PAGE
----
Is Vitamin D the best supplement you can use at this time?
For those who live in Portugal, it is easy to get good levels of Vitamin D in the summer.
In the winter?
While in summer we have a favorable climate to reach good values of this vitamin, in winter the sun appears less and less intense.
The days are also shorter and the probability of a failure increases significantly.
This is where Vitamin D supplementation comes in.
What is Vitamin D?
Vitamin D is one of 24 micronutrients essential for humans, and can be ingested or synthesized by the skin.
While in hot weather it is easy to get good Vitamin D levels, in winter the story changes.
The body produces this vitamin through cholesterol, but it needs sun exposure to do so.
If there is no sun exposure, you need to ingest it through food, or supplementation.
Unfortunately, it is difficult to get good values of this vitamin through diet.
Vitamin D fortified milk typically provides about 30 IU per 100 ml.
The egg yolk?
Less than 50 UI.
On the other hand, salmon, depending on their cultivation, can reach 300/400 IU, and sardines approximately 200 IU.
Basically, relying only on food to get good levels of Vitamin D is not a good strategy and you will see why.
What does Vitamin D do?
Vitamin D influences many processes in the human body.
It is associated with the immune system and a reduction in the likelihood of contracting certain health problems.
It is also essential for bone health and plays an important role in well-being, with low levels of this vitamin being associated with symptoms of bad mood and depression.
As if that were not enough, it is also very important for the hormonal system, with a strong influence on testosterone levels.
Does Vitamin D Increase Testosterone?
Testosterone is one of the main hormones when it comes to winning muscle mass and lose fat.
High levels lead to more strength and muscle mass, low levels lead to increased fat, little energy and difficulty gaining muscle.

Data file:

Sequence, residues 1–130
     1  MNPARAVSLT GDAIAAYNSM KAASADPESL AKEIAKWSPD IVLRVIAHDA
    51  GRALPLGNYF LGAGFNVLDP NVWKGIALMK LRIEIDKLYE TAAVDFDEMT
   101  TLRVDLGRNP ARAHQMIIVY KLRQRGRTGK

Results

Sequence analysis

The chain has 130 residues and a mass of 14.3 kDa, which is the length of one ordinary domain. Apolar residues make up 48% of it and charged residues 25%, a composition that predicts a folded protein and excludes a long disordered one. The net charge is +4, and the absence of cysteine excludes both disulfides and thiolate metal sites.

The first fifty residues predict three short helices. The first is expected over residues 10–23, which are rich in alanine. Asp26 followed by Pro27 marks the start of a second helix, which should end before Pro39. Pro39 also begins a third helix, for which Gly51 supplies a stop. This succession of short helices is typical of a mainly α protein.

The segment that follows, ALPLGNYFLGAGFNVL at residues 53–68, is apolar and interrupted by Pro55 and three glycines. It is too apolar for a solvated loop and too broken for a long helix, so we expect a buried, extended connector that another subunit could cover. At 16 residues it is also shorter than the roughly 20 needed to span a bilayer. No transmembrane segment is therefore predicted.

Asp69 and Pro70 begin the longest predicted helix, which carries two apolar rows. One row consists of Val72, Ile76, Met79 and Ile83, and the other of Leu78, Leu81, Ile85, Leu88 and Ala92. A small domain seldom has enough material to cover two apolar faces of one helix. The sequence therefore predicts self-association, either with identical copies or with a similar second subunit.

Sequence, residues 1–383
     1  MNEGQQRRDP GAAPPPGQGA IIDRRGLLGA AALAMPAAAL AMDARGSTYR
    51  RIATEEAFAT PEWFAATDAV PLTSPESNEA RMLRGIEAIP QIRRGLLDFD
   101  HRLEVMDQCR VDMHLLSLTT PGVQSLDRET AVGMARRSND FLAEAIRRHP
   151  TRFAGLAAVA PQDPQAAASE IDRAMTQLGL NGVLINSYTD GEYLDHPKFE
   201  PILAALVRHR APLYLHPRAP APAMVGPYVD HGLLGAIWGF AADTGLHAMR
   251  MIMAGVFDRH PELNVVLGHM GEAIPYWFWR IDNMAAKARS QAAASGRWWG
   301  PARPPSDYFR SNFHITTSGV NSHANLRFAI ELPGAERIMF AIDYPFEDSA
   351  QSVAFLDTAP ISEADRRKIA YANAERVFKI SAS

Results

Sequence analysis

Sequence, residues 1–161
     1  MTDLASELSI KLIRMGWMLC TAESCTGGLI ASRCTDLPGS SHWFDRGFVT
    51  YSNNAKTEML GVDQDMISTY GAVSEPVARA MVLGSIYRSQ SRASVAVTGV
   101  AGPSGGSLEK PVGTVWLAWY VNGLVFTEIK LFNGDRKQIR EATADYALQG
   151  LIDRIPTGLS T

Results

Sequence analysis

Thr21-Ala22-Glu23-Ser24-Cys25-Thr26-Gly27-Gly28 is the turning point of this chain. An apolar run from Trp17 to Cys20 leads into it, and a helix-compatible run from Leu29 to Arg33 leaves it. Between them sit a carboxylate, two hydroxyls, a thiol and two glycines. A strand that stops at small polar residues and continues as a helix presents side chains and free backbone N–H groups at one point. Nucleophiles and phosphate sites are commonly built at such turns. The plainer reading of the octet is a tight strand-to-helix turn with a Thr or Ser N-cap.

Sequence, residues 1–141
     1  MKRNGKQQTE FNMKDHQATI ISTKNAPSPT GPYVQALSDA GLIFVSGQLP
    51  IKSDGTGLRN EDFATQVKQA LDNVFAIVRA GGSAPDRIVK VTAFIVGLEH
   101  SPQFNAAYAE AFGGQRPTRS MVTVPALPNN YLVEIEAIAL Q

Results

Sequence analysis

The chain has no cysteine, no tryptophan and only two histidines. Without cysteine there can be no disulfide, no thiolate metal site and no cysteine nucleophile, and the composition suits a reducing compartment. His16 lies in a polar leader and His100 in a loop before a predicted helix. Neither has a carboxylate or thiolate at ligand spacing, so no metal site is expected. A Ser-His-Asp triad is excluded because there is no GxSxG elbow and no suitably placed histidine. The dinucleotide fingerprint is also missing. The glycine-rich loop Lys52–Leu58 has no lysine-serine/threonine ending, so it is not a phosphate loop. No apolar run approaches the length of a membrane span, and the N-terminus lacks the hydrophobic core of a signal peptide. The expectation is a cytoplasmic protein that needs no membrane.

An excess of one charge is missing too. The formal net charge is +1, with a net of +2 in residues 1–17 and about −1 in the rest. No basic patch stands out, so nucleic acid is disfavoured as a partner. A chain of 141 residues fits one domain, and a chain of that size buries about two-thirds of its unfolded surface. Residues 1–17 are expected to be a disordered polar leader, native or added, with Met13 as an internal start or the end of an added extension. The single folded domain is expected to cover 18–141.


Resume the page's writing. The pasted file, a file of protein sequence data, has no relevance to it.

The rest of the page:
In winter, Vitamin D levels drop, after all, the sun goes on vacation.
When Vitamin D levels are low, Testosterone levels drop.
When Vitamin D supplementation is introduced in people with low vitamin D levels, Testosterone values rise.
Vitamin D and Testosterone
In a study with participants 2299, all men, measured the values of Vitamin D, Testosterone and SHBG.
In addition, they also examined whether androgen levels varied seasonally.
That is, they checked whether in summer these values are higher and whether in winter they are lower or not.
Men with sufficient Vitamin D values had significantly higher Testosterone and androgen levels compared to those with insufficient Vitamin D levels.
In addition, SHBG levels were also significantly lower in those who had sufficient Vitamin D compared to the rest.
Finally, the time of year when testosterone levels were highest?
Vitamin D Supplementation
In another study of 54 healthy but overweight men, testosterone levels were measured while on a weight reduction program.
For a year, 31 of them received 3,332 IU of Vitamin D per day, while 23 did not.
At baseline, both groups had low Vitamin D levels (below 20 ng / mL) and Testosterone levels were also low.
The group that used Vitamin D, not surprisingly, saw their Vitamin D levels rise.
However, it was not only the levels of this vitamin that increased.
The group using Vitamin D supplementation saw their total testosterone increase by about 25%, their bioactive testosterone by 19% and free testosterone by 20%.
The group that did not use supplementation did not have significant changes in any of these areas.
The recommended daily dose in Portugal is only 200 IU.
This is an extremely low value (1), especially considering the amount of factors that can influence the levels of this vitamin in the body.
In Germany (2) and the United States (3), the recommended daily dose has recently been changed to 800 IU.
But after all, we are in Portugal, a country with a much warmer climate than Germany.
We don't need as much Vitamin D as they do, right?
In the year of 2005 a study (4) was done to assess Vitamin D levels in the South Florida population.